CFR-Controlled MSM Reports That ‘Trump’s Trip Was a Catastrophe for U.S.-Europe Relations’
Angela Merkel has served formal notice that she will lead the German wandering away from the American alliance.
Historians have long debated whether the note represented a genuine offer or a cynical ploy. (Current consensus: ploy.) There’s no debate about what happened next. Determined to anchor Germany securely in the Western camp of nations, German Chancellor Konrad Adenauer rebuffed the “Stalin note.” West Germany would enter NATO in 1955, build the European Union, and develop as an Atlanticist liberal democracy.
The Soviets did not quit, however. Again and again through the Cold War they would probe for ways to split Germany from the West, and especially from the United States. They probably came closest in the early 1980s, when millions of Germans marched in the streets against NATO nuclear missile deployments. (The 1983 song, “99 Luftballons” is probably now the most enduring memento of that dramatic moment.)
Since then, Germany has deferred less and less to the United States—and walked more and more its own path. Germans cheered candidate Obama in 2008, but German-U.S. relations if anything sank even lower under President Obama than under President Bush. Merkel ignored Obama’s pleas to reflate the German economy after the financial crisis of 2008 and the euro crisis of 2010. The Snowden revelations—including exaggerated claims that the United States had tapped Merkel’s ubiquitous personal cellphone—poisoned the mood even more deeply. In June 2014, Germany took the unprecedented step of expelling the senior U.S. intelligence officer in Berlin, even announcing the action over Twitter. (Never mind that it soon emerged that German intelligence had itself scooped up a Hillary Clinton phone call.) Here’s a link to an RT story gleefully—but accurately —noting that the percentage of Germans expressing trust in the United States had plunged from 76 percent after Obama’s election to 35 percent by 2014. Sixty percent of Germans characterized Edward Snowden as a hero.
Donald Trump is giving permission to U.S.-skeptic elements in Germany.
I offered the following warning in mid-November of last year:
Yet even in the face of all these strains and difficulties, German friends of the United States have retained one clinching argument and decisive asset on their side of the debate: a wide and deep public intuition that people highly critical of the United States were probably animated by extremist and illiberal ideas. So long as the Germans most hostile to the U.S. alliance espoused various shades of fascism and communism, then the mighty German middle would cling determinedly to the U.S. alliance as a bulwark of stability and liberalism.
The election of Donald Trump to the presidency up-ends German political assumptions about the United States, at a time when Germans are already ready to have those assumptions up-ended. …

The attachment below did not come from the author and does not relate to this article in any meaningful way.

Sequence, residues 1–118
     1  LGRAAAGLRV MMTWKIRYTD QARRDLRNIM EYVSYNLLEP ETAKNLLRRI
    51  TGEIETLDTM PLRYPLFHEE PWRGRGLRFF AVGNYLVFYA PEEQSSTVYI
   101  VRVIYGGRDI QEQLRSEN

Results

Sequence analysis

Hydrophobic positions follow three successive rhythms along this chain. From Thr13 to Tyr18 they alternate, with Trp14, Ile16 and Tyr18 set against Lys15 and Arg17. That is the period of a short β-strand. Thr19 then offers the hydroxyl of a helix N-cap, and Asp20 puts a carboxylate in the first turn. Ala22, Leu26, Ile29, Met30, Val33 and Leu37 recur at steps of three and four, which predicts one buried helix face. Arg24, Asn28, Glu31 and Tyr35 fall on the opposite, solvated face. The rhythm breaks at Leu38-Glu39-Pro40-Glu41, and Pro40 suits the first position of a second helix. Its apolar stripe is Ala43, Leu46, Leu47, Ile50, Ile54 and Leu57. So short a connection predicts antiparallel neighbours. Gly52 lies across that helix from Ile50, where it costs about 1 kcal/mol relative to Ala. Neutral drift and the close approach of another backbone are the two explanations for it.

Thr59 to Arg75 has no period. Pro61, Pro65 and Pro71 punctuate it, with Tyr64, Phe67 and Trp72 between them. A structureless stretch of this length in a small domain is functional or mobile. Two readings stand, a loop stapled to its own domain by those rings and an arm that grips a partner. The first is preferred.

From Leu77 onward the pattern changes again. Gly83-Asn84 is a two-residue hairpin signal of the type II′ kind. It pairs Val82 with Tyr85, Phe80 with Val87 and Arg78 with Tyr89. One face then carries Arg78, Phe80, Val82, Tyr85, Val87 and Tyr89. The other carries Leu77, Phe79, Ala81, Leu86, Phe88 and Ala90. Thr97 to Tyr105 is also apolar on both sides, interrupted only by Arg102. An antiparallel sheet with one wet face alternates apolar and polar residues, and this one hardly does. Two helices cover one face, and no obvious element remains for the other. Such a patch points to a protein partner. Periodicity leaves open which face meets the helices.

Ominously, the U.S.-Germany rift coincides with the United Kingdom’s exit from the European Union—an exit that will greatly weaken London’s clout versus Berlin. Britain will need to renegotiate access to the EU market; Germany will have power to approve or refuse. The post-1945 vision of a secure and liberal Germany joined in an intimate partnership to the United States and the United Kingdom will fail. In its place: a Germany more distant from its former English-speaking allies, more vulnerable to an aggressive Russia, more polarized and afflicted by extremism in the wake of Merkel’s welcome of almost 2 million Middle Eastern and North African migrants.
Polls show that German confidence in the United States, already lowered under Obama, has collapsed under Trump to a level barely better than Putin’s Russia. Facing elections in the fall—and reassured that she has gained a congenial partner in France’s President Macron—Merkel has served formal notice that she will lead the German wandering away from the American alliance. In a speech before 2,000 people on Sunday, she declared that Europe cannot at this time rely on the U.S. and the U.K. “The times in which we could completely depend on others are on the way out. I’ve experienced that in the last few days,” she said. “We Europeans truly have to take our fate into our own hands.” Notice that she said “Europeans,” not Germans. Notice too that she did not rule out that Europe might rely on the U.S. and U.K. in the future: The door is not closed. But the old order has passed.
Here’s what’s really true: Donald Trump is doing damage to the deepest and most broadly agreed foreign-policy interests of the United States. He is doing so while people associated with his campaign are under suspicion of colluding with Vladimir Putin’s spy agencies to bring him to office. The situation is both ugly and dangerous. If it’s to be corrected, all Americans—eminent Republicans like Bob Corker above all—must at least correctly name it for what it is.